11 Games That Launched In 2018 And Helped Define Switch As A Haven For Indies
In our Celeste review, Oscar Dayus gave the game a 9/10, writing, “It’s a testament to convincing writing and ingenious design that after playing Celeste I felt like I’d been on the same journey as Madeline. Her struggle is one made easy to empathize with, her low points painful to watch, and her high notes exhilarating to experience. Her tale is delicately told and beautifully illustrated, confidently coalescing with the satisfying, empowering game it lies within. Not bad for a game about climbing a mountain.”
In our Chasm review, Tom Mc Shea gave the game an 8/10, writing, “…Chasm is a well-crafted adventure, and during the more than 12 hours I spent playing through my first time, I got lost only once. That’s a huge bonus in a genre where getting lost is often the most frustrating aspect. Even after I finished, I was eager to venture forth on a new adventure, to test my combat mettle against harder foes and find the one secret that eluded me the first time through.”
In our Dead Cells review, Daniel Starkey gave the game a 9/10, writing, “Dead Cells is a phenomenal effort to blend together some very disparate genres into a tight, cohesive whole. It’s one of the better examples of how to remix ideas without losing their individual strengths.”
Beautifully animated and featuring an incredible musical score, Forgotton Anne is an emotional tale about a young woman learning that her world is not as black and white as she was led to believe. You’ll have to navigate tough dialogue choices if you want the best possible ending for Anne and the characters she encounters, but you can also be merciless if you prefer and end the lives of all who oppose you. Regardless of how the story plays out for you, the ending’s gut-wrenching impact will stick with you long after you’ve seen the credits roll.
Full Metal Furies
In our Full Metal Furies review, I gave the game an 8/10, writing, “So yes, Full Metal Furies is primarily a brawler, and a good one that promotes teamwork instead of button-mashing. But it’s also a very hard puzzle game, one that challenges you to perceive each level, as well as the game’s mechanics and characters, in new ways.”
The Gardens Between
In our The Gardens Between review, Peter Brown gave the game an 8/10, writing, “It may only take two to three hours to see everything The Gardens Between has to offer, but the warm and fuzzy feelings from start to finish ensure that your memories of playing it will live on. The expressive faces of the two teens and the relatable memories they share will speak to anyone who’s ever had a close childhood friend, and while the puzzles won’t go down as the most ingenious or demanding, they nevertheless give you more time to spend frolicking in a nostalgic and heartwarming world where friendship is all that matters.”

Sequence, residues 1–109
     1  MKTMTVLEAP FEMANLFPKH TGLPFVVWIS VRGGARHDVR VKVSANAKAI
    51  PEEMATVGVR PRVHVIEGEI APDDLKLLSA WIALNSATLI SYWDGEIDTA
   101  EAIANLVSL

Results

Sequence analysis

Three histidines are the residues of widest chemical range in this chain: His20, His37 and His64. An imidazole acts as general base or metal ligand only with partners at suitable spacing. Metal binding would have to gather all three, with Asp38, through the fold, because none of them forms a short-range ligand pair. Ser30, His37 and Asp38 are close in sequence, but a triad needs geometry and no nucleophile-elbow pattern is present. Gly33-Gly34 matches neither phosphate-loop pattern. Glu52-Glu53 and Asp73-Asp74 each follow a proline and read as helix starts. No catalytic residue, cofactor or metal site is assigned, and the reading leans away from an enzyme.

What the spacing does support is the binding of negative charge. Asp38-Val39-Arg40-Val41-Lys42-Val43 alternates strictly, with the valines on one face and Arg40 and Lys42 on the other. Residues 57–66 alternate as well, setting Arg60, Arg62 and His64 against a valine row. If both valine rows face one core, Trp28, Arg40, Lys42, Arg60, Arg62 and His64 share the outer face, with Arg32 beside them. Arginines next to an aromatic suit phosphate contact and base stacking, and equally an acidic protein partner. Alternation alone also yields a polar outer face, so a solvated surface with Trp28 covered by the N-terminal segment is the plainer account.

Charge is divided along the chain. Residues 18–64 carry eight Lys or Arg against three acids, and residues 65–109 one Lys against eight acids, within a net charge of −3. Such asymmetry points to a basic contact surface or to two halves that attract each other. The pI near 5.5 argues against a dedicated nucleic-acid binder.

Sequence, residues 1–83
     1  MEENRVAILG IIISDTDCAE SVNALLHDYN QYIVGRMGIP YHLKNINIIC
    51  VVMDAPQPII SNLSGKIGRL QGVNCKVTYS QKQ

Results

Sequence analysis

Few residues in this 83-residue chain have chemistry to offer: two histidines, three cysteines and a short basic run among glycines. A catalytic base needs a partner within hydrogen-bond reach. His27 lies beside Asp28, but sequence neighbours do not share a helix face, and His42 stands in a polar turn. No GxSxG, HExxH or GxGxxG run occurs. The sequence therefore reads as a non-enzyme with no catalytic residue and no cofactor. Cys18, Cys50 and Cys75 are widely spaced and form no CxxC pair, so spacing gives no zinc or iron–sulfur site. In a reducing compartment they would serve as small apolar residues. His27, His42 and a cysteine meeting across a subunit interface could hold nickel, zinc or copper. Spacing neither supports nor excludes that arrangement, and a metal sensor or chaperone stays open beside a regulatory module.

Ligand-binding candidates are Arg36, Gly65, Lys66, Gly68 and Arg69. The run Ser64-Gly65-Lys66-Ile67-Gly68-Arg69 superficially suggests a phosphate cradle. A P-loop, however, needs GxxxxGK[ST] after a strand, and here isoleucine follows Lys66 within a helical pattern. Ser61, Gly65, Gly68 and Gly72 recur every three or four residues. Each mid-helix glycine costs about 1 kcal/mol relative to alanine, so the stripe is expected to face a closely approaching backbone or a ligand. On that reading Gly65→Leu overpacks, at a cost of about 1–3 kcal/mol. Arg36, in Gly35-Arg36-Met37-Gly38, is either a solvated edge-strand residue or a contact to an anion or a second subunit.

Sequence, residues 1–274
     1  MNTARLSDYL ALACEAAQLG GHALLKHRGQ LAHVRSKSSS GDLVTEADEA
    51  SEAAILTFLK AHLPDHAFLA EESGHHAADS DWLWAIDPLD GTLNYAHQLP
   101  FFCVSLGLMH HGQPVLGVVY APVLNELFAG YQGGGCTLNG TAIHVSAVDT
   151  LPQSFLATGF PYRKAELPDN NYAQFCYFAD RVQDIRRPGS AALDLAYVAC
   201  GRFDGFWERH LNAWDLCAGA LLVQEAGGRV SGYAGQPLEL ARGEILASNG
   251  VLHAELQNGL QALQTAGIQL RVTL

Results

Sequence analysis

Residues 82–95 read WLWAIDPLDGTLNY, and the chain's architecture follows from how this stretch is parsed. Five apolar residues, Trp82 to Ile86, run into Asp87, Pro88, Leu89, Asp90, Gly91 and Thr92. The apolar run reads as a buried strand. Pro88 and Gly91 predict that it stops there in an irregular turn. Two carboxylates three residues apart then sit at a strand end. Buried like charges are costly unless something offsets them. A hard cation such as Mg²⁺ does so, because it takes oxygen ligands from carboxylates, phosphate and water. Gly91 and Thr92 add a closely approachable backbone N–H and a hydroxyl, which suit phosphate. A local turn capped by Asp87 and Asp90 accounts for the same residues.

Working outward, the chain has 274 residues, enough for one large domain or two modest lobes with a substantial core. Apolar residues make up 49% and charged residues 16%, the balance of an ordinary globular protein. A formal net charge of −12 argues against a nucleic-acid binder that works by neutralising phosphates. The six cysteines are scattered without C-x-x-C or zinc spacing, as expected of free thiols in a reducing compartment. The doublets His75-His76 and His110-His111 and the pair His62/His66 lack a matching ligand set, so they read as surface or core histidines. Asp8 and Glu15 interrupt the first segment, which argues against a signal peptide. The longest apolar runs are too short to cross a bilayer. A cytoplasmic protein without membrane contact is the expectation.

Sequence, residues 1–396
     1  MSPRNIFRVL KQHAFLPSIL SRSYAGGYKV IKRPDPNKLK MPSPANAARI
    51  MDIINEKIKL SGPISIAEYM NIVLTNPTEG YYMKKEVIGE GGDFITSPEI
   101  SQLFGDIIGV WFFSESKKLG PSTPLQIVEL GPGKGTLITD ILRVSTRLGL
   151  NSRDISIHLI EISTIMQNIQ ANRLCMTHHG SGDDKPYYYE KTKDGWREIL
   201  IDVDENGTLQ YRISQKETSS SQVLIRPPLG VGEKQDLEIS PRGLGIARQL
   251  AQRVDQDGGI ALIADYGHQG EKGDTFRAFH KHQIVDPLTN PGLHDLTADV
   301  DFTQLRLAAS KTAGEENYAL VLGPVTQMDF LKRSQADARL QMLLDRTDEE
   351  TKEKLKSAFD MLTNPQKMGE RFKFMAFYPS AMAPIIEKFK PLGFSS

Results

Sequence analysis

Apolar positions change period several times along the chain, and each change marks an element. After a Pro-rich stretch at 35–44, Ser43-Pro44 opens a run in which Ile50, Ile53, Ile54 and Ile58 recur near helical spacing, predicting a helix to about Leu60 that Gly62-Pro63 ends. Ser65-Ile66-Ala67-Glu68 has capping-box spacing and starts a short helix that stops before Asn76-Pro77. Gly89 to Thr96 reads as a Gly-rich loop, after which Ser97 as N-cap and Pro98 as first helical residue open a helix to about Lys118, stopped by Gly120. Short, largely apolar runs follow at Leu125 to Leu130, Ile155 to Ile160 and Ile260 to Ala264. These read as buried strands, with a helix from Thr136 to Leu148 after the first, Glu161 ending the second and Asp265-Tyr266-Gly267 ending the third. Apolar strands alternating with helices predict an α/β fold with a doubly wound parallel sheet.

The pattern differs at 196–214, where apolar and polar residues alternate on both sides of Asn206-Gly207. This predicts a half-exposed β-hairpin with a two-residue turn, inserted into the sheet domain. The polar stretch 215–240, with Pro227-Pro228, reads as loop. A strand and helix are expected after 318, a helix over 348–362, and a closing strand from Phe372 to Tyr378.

In our Iconoclasts review, Matt Espineli gave the game a 9/10, writing, “After solving every puzzle and witnessing the finale of its poignant narrative, you can’t help but reflect on the growth of [Iconoclasts’] characters and your impact onto the world. The game will shock and surprise you with how gripping its story is, and it’s likely to do so again in subsequent playthroughs of New Game+ with your expanded knowledge of character histories and events.”
Into the Breach
In our Into the Breach review, Edmond Tran gave the game a 9/10, writing, “Into The Breach’s focus on foresight makes its turn-based encounters an action-packed, risk-free puzzle, and the remarkable diversity of playstyles afforded by unique units keeps each new run interesting. It’s a pleasure to see what kind of life-threatening predicaments await for you to creatively resolve in every new turn, every new battle, and every new campaign.”
In our The Messenger review, Alexander Pan gave the game an 8/10, writing, “The Messenger takes the best parts of the action-platformers it takes influence from and reinterprets them well. With clever writing, well-designed levels, and balanced difficulty curve, the game continuously hooks you with enticing skill-based challenges and satisfying payoffs.
In our Minit review, Alessandro Barbosa gave the game an 8/10, writing, “[Minit is] a slickly presented adventure that continually manages to surprise you with every new area you uncover or item you procure, pushing you to pick away at its seams to uncover every drop of what it has to offer. With a delightful ending and more promised after its first run of credits, Minit is far more than just a collection of seconds.”
The Missing: J.J. Macfield and the Island of Memories
In our The Missing: J.J. Macfield and the Island of Memories review, David Wildgoose gave the game an 8/10, writing, “The Missing is smaller and more mechanically conventional than Deadly Premonition or D4, but its components remain focused on distinctly a Swery game: a dark, idiosyncratic experience that tells a deeply personal story that’s as confronting as it is sincere.”
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Author: Jordan Ramée